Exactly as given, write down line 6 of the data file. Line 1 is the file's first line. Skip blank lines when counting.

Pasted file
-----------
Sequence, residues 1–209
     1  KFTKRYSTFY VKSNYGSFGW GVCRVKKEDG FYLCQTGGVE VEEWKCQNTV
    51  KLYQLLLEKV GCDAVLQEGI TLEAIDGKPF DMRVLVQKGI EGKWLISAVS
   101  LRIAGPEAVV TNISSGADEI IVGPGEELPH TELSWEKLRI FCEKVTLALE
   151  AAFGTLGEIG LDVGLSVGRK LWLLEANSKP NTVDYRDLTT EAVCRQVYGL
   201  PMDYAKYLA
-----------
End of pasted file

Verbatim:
   201  PMDYAKYLA